One at a time, though. Amazo – er, I mean, Cyclone – has to absorb the powers from an imprisoned Avenger before he can deploy them. Cage is the first one down, and the Avengers at the school will be next.

Storm gets the Cyclone treatment first. Bolstered by Cage's super-strength, Cyclone is able to beat Storm into submission. Storm's lightning bolts are partially effective, but as the Mandarin (who showed up to observe the fight in person) she can't use them at maximum power, for fear of hurting the children. Hmm. Seems we have a motif here... children in peril. I wonder where writer Paul Tobin is going with this.

Next, Cyclone interrupts Spider-Man's rock-climbing session. Again, Cyclone puts the children in danger, this time with Storm's wind powers, and while Spider-Man rescues them, Cyclone takes advantage of the distraction to clobber Spidey into unconsciousness. Again, he monologues about how the Avengers can't use their powers at full strength out of fear the children might be harmed, but that he and Cyclone have no compunctions in that regard.

Again with the children being the Avengers' Achilles' heel. We're building to something, I can sense it.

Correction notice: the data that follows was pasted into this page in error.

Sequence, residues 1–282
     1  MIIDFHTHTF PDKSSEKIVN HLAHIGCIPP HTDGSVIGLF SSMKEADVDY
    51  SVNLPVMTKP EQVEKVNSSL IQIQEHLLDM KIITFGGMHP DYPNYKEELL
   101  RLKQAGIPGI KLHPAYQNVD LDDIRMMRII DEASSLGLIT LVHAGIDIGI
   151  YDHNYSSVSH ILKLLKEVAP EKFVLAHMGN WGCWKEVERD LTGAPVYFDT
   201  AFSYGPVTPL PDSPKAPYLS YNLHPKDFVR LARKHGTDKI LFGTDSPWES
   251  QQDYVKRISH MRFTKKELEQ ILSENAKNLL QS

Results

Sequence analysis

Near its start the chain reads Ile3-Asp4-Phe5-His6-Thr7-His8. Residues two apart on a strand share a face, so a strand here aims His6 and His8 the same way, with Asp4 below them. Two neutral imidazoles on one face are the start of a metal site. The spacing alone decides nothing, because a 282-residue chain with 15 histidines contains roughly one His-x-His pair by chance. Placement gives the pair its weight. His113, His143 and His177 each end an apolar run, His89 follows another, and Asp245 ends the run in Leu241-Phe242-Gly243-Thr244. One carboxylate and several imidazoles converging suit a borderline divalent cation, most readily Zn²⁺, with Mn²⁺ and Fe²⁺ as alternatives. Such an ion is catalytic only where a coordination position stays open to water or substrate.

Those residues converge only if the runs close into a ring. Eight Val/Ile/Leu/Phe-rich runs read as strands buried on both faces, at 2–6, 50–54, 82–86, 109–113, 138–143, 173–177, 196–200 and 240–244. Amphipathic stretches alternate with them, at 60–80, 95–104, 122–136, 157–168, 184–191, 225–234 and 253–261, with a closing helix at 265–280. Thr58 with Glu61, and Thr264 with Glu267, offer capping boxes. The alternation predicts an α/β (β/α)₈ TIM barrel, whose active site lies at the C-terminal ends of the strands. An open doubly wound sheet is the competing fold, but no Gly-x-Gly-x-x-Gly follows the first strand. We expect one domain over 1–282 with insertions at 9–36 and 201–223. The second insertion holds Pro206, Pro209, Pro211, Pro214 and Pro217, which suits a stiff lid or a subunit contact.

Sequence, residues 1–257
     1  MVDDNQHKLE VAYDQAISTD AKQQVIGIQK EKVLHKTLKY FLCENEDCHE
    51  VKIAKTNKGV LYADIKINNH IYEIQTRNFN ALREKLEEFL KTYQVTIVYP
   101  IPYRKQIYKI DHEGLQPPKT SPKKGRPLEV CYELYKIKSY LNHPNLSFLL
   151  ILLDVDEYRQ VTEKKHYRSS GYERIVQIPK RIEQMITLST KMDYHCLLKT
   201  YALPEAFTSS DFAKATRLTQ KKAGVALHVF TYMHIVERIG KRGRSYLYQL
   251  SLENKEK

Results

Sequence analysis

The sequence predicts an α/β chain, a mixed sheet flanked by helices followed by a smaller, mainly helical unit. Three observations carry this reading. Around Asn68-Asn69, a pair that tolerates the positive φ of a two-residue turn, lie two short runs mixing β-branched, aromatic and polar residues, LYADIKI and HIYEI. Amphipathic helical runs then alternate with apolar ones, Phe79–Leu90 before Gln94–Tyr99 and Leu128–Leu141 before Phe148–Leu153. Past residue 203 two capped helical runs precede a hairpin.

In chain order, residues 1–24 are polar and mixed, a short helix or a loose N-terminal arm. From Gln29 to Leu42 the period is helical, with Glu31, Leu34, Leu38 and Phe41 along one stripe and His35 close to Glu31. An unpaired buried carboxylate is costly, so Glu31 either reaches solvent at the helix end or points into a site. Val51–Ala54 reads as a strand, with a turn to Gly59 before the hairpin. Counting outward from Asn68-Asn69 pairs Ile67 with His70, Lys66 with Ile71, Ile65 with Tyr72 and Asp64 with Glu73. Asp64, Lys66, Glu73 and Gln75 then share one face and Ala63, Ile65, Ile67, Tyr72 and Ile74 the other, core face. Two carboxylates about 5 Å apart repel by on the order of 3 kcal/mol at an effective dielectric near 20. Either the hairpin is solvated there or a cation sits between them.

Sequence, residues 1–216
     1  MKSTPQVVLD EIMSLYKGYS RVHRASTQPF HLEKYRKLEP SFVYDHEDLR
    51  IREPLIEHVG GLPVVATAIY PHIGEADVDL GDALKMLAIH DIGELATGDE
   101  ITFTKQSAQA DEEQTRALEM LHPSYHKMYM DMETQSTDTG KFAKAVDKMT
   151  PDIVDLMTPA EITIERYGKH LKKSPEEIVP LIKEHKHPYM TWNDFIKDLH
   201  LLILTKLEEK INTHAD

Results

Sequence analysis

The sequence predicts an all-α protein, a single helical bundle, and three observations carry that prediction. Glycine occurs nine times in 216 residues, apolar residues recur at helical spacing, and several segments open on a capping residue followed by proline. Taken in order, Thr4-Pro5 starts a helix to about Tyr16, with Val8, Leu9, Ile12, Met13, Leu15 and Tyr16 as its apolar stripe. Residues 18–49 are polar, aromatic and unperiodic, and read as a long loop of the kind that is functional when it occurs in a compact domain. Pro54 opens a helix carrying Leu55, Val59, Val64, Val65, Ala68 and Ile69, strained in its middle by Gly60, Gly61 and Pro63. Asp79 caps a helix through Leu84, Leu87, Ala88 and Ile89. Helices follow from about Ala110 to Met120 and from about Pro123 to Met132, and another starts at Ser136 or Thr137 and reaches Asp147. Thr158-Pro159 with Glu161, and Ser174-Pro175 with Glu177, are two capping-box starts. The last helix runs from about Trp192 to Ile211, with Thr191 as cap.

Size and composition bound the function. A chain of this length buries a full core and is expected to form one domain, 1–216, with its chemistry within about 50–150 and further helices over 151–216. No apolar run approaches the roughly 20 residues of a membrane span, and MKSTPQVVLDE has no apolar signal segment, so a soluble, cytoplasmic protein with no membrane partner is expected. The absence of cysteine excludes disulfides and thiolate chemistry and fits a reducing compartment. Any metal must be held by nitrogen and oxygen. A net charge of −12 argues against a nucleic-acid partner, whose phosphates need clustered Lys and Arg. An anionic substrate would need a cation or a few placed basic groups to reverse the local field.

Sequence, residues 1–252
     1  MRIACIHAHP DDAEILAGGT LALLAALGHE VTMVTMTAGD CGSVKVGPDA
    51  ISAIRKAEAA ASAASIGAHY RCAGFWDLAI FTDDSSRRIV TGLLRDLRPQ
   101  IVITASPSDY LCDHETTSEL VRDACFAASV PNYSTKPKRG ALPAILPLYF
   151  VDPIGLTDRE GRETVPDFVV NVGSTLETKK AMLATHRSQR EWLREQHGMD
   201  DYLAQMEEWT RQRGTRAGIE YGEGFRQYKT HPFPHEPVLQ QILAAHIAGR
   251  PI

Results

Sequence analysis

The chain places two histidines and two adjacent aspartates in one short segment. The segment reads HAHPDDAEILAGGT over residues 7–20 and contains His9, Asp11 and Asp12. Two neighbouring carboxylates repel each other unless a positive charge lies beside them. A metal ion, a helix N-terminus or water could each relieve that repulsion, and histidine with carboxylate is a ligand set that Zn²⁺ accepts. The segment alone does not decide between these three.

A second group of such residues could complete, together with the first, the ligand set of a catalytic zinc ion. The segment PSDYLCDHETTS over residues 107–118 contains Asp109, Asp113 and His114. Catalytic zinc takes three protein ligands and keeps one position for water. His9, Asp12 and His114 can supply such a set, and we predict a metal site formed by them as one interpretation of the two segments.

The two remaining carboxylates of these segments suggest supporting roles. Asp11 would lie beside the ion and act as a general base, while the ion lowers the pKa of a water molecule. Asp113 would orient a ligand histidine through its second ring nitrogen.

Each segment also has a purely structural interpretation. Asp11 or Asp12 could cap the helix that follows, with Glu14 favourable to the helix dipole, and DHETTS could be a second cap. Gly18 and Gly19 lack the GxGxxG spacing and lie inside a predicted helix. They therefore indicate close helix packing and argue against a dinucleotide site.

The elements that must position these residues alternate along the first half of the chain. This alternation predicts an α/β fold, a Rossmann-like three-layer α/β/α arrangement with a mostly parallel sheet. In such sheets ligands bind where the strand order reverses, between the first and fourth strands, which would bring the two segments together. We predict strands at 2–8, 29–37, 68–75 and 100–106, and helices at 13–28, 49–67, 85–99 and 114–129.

Finally, at the petting zoo, Cyclone uses Storm's wind-control powers to trap the Hulk in a vacuum. Unable to breathe, Hulk collapses into unconsciousness. A clever use of Storm's powers, for sure, but what, couldn't Cyclone have used Spider-Man's powers to take out the Hulk, instead of going back to the Storm well? Isn't that how these sorts of stories are supposed to work?

Eh. Back at Mandarin's headquarters, the Avengers are imprisoned in restraining devices, while the children and teachers, guarded by a dragon, look on. (I guess this trip to the Mandarin's lair is the titular field trip.) Mandarin explains he doesn't really need the dragon, or the kids and their teachers, for that matter. He just wanted a good scene for the prologue to draw readers in – er, I mean, a good group of witnesses to the final destruction of the Avengers. He orders Cyclone to deliver the coup de grâce.